1. Licorice and turmeric are also high in anti-oxidants which negate the effect of free radicals produced by our stressed-out body.
  2. Both are considered herbs that protect the liver and support it in eliminating the debris created by chronic inflammation.

Devils Claw is a plant from the Kalahari desert in South Africa and is used by the Hottentot people to relieve migraine headaches. In 1953, it was imported to Europe and embraced by western herbalists as a pain reliever and anti-inflammatory for arthritic conditions, including RA.

There have been several clinical trials using Devil’s Claw in the treatment of RA. Each trial has demonstrated the herb’s active pain-relieving actions. At this time, how the plant reduces inflammation is not known. In holistic medicine, sometimes the search for the specific mechanism in a plant’s medicinal activity is like not seeing the forest for the trees.

The plant works. It also improves digestion and scavenges free radicals.

One final important herb added to an RA formula is the bark of the poplar tree (Poplaris spp.). In the spring, scrapping of the bark of young branches exposes a lovely green powder. This powder is high in salicylic acid, the pain-relieving compound found in over the counter medicine such as aspirin. Although symptomatic in its effect, poplar bark eases pain while the other herbs do their job.

Speak to your herbalist to find out how nature’s medicine can help you with your symptoms.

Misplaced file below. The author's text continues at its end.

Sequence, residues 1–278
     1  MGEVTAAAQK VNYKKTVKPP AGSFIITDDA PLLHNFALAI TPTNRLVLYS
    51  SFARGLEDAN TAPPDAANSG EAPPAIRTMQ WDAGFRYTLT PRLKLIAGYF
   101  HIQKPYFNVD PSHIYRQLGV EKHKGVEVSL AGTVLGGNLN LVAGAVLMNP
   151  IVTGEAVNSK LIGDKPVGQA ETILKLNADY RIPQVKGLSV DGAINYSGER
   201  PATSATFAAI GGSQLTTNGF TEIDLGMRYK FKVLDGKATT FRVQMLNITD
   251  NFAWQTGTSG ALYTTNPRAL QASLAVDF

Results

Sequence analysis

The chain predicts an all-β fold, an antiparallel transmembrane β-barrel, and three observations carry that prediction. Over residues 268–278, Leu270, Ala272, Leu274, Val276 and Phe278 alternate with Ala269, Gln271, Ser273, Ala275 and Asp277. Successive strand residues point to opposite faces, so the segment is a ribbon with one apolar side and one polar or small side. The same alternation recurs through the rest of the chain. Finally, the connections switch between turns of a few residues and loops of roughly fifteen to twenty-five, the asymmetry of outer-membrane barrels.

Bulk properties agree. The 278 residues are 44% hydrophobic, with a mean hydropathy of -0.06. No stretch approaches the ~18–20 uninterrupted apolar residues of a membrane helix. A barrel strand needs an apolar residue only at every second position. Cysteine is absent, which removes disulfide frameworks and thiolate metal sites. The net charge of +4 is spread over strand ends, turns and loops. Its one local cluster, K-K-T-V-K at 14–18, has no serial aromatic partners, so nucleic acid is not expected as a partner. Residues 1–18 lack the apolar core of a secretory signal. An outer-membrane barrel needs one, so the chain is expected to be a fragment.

Disclaimer

This article is not intended to provide medical advice, diagnosis or treatment.

Now I would like to hear from you. Do you have Osteoarthritis? What have you tried to help their symptoms? Let us know in the comments below.

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Osteoarthritis - How to manage your pain - Ottawa Holistic Wellness

Osteoarthritis: How to manage your pain and have a better quality of life

An estimated 10% of Canadians over the age of 15 live with a diagnosis of osteoarthritis [OA] (1). 70% of these Canadians experience the majority of their arthritic symptoms in their hips and knees (1). Unfortunately, among Canadians with a diagnosis of arthritis, the average time between onset of their symptoms and an accurate diagnosis can be up to 7.7 years (1). This period between onset of symptoms and diagnosis of the disease could be spent making dietary and lifestyle changes to reduce pain and improve quality of life. By 2036 an estimated 7.5 million Canadian adults will have a diagnosis of OA.

So what are the symptoms of OA?

Increased stress and ageing of our joints leads to a breakdown of joint tissue known as cartilage. Cartilage acts as a cushion between the bones of our joints, and without it, bones begin to rub against each other. When cartilage is sufficiently worn down, joints are left with a bone-on-bone contact; limiting the range of motion. As a result, people with OA experience pain, stiffness, and swelling in their affected joints (2).